Based between New York and Los Angeles, photographer Ivan Wong (@ivvnwong) of the Alpha Collective loves to create images that elicit a feeling from its viewers. “My work is inspired by the use of light, neo-noir, cyberpunk and other futuristic themes – think Blade Runner, Tron, Devil May Cry, Inception.” Wong creates many styles of photography and other content, and here he focuses on the gear he uses specifically for his portrait work. Keep reading below as he explains each piece of gear you’ll find in his kit and why – plus see the eye-catching futuristic imagery he’s able to create with it.
Portrait photographer Ivan Wong of the Alpha Collective shows us the cameras, lenses and other key gear in his kit for creating his cynerpunk style.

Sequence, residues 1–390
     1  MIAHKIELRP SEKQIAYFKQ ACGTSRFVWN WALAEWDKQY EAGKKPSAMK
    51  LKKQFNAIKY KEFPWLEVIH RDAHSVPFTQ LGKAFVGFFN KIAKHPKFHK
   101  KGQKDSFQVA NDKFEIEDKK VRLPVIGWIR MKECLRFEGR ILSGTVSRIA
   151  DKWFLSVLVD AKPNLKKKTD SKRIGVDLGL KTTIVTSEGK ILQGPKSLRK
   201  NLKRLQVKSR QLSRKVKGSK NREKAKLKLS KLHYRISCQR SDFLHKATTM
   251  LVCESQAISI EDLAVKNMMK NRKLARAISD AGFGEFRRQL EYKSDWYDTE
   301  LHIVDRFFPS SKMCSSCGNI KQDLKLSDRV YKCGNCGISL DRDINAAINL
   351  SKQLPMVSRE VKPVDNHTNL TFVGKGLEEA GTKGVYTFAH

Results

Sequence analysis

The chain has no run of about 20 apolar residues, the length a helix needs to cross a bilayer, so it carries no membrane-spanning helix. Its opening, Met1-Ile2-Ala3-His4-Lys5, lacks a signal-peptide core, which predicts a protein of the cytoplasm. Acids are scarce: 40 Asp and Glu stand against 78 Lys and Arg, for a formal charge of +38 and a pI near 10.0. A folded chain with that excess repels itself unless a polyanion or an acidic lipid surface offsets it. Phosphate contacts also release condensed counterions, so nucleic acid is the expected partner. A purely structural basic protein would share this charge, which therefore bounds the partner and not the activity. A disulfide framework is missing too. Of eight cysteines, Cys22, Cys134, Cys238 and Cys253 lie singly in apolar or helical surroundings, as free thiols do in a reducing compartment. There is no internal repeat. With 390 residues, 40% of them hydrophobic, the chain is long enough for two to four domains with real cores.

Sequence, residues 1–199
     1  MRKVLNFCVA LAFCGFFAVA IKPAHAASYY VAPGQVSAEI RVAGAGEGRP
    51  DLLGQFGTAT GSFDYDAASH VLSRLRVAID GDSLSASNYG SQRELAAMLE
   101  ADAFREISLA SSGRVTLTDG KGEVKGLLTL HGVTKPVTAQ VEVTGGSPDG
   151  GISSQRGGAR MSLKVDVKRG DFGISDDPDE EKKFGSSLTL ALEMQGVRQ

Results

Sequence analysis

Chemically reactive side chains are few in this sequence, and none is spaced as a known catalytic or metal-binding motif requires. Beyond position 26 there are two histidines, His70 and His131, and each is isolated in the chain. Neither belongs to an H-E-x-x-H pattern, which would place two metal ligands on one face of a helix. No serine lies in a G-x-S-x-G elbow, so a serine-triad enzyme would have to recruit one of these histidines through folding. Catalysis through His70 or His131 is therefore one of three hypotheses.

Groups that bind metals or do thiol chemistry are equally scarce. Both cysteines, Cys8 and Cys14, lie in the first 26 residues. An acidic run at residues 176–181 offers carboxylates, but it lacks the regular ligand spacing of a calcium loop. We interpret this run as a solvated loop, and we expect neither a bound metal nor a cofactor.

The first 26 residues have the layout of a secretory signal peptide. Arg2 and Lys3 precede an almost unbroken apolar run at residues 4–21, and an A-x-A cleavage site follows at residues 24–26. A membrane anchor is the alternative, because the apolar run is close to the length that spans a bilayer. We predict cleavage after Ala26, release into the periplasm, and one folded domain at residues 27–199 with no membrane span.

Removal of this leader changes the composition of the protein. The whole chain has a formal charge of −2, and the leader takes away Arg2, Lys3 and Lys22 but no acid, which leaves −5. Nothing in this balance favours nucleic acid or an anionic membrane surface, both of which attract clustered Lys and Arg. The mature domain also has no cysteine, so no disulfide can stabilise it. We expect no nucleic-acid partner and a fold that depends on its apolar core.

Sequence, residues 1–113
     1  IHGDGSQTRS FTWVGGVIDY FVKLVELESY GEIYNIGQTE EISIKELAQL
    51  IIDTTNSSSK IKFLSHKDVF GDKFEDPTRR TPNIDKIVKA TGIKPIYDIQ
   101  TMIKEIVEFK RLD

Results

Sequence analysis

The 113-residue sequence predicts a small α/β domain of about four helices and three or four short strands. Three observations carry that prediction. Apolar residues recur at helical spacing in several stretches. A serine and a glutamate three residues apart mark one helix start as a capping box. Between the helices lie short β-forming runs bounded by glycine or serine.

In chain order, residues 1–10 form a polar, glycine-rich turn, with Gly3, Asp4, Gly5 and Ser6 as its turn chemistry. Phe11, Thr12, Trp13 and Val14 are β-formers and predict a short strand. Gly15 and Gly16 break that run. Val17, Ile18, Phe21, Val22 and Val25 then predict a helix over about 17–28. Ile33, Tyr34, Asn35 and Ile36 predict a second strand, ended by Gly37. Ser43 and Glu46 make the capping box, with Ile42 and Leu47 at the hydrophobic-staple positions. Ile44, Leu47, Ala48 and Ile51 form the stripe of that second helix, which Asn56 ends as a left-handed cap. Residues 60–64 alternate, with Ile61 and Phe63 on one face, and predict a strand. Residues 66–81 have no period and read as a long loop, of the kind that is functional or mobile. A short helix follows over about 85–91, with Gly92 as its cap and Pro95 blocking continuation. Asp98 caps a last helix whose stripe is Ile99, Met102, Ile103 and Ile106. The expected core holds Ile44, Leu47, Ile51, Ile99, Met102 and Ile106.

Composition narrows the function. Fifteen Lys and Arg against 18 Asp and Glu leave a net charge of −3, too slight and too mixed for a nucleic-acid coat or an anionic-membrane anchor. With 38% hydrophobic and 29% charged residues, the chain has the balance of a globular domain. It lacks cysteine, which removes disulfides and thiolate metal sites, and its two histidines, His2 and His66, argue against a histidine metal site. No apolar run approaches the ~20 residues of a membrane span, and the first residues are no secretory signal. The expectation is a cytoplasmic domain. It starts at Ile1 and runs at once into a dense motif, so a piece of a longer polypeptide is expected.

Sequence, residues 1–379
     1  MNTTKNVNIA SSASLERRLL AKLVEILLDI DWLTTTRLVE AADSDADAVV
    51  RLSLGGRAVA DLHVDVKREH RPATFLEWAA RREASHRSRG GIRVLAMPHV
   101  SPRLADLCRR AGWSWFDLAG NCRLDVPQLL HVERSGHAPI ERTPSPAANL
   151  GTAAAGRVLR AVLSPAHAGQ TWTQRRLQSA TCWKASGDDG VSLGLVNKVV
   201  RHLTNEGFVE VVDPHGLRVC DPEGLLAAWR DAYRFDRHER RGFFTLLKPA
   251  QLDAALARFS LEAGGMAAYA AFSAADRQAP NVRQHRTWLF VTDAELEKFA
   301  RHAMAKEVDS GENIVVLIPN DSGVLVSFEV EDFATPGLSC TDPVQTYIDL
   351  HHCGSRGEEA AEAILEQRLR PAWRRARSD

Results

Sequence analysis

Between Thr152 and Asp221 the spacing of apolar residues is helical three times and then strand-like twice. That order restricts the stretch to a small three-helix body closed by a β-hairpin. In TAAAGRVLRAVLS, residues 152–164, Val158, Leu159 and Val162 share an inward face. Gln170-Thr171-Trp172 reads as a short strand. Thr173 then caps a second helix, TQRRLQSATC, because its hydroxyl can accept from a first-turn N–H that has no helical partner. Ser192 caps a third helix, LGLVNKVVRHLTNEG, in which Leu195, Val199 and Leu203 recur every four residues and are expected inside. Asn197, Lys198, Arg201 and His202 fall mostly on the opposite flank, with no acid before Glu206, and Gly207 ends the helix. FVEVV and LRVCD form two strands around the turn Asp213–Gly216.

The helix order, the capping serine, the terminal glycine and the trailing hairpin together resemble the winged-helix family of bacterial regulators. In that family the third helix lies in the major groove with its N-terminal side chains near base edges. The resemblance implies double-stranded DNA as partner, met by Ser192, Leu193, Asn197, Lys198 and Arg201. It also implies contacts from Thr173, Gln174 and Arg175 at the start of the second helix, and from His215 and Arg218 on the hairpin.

Sony Alpha 1: I consider the Alpha 1 the best camera on the market. When the specs for this camera were announced, I immediately jumped onto the pre-order. The Alpha 1 has the horsepower to help me execute my photoshoots more seamlessly and effortlessly. Supporting 50 MP, capturing at 30 fps, and having high ISO tolerance, the Alpha 1 is my do-it-all for portraits, cityscapes, and landscapes. Particularly for portraits, I love how I can capture in low light with high ISO, and still bring back details that are usually lost in other cameras. Some models tend to move fast, or the lighting like color-changing neon, smoke/glow, and refractions from prismatography differ in every frame captured - the fps allows me to select the frame with the best subtle change in expression. The tenacious eye autofocus of the Alpha 1 saves me from out-of-focus shots. Moreover, the color science is a leap from previous lines which non-Sony users complain about against other camera brands - the colors on the Alpha 1 definitely prove them wrong.